Athletes and Dizziness: Common Complaints and What Doctors Have to Say

In cases of sports sickness, when symptoms are moderate to severe, the athlete will seek the advice of a physician. Most of these conditions are not going to be too serious. Benign or not, athlete’s motion sickness can interfere with a person’s exercise program. Sometimes changing the way you exercise is okay. A person can still do something less “seasick,” so to speak, and maintain a proper health and fitness regimen.

However, athletes who are not just athletic people but athletic competitors have a harder time if motion sickness interferes with their game. There are two classifications in which athlete’s dizziness falls: the first category is vertigo and the second is called presyncope. When you feel that it is essential for you to be able to work at your maximum capacity and you experience some kind of dizziness, you may be able to fix the problem. An athlete’s physiology is marked by a slow resting heart rate or low blood pressure, these can present as certain causes of dizziness.

Vertigo is actually responsible for nearly fifty percent of dizziness. This is a spinning sensation that occurs, often affecting someone’s mobility, often causing nausea, and in worst cases can be sudden and uncontrollable. Near syncope is a different type of dizziness commonly diagnosed when athletes complain of this symptom. The characteristics of presyncope are dizziness, the feeling that one can fail or really fail.

Common causes of vertigo may or may not have to do with your athleticism. Vertigo is almost always related to the vestibular system. This is a part of the inner ear. When the balance of the structures in the ear is lost, the resulting vertigo will also upset the balance of the body itself. Anything out of control in the inner ear can cause vertigo.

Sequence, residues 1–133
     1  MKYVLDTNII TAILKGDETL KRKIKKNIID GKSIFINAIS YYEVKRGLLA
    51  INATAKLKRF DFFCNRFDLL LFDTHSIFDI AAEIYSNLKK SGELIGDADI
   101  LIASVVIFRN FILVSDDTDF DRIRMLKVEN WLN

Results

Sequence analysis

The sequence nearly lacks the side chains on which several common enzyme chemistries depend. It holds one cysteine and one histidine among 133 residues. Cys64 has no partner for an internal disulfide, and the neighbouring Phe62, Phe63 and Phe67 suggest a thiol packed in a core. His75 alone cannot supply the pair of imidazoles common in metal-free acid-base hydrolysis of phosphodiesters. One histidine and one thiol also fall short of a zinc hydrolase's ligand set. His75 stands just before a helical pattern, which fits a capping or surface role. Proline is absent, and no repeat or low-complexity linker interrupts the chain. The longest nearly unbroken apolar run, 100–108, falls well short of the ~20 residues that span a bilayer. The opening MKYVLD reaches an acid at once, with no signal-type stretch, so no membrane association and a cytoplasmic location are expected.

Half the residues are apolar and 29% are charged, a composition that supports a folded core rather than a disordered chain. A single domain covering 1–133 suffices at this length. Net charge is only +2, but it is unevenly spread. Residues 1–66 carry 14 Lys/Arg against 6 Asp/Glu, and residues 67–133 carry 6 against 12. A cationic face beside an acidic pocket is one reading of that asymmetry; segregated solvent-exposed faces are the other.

From head trauma and inflammation and/or infection in the inner ear, migraines, multiple sclerosis, strokes and even tumors, vertigo can be a pronounced symptom. So you can see (athletic or not) vertigo experiences are very important to attend to – whether you care about spinning spells or not, see a doctor. The chances of the latter and other more serious conditions being the cause of your vertigo are much less likely, but the sooner you know, the better for you!

Presyncope is diagnosed (about as often as vertigo) with a definite benign cause, so it is hoped that the problem is preventable or treatable. However, sometimes the underlying cause can be serious, such as when near syncope presents as a symptom of heart disease. Near syncope is a vasovagal condition. A vasovagal condition is basically a condition that involves unusual activity in the basque nerves. Anything that can stimulate the symptom can be anything from standing up too quickly or standing for long periods of time, it may be all that is needed to trigger near syncope.

If you are an athlete and suffer from certain dizziness characteristic of near syncope, don’t worry yet! Hyperventilation can be a cause of near syncope. Sometimes all you need to do is focus better on your breath. There are also non-specific types of dizziness that can be caused by psychiatric disorders. In other words, psychological stress can develop and present itself in the form of intense and non-specific dizziness.

There are many causes for motion sickness, so don’t self-diagnose, find out. It is much more debilitating when this type of dizziness affects you during sports games etc. Of course, some of these conditions are much less serious than others. Many athletes are afraid of what we do at a time when you feel it is essential that you be able to work to the best of your ability. There are many associations between athleticism and vertigo, as well as preconditions for syncope.

Most importantly, remember that there is also no reason to assume the worst case scenario if you are experiencing the symptoms I have described. The worst scenarios (that is, the worst illnesses) that would cause symptoms of vertigo and presyncope are much less frequent than the simpler causes to treat. At that point I cannot express myself more clearly. Individuals have individual needs and their symptoms are caused by individual problems. Don’t worry about the symptoms or speculate too much about what it could possibly be until you have a professional idea of ​​what the true nature of your condition or illness really is.

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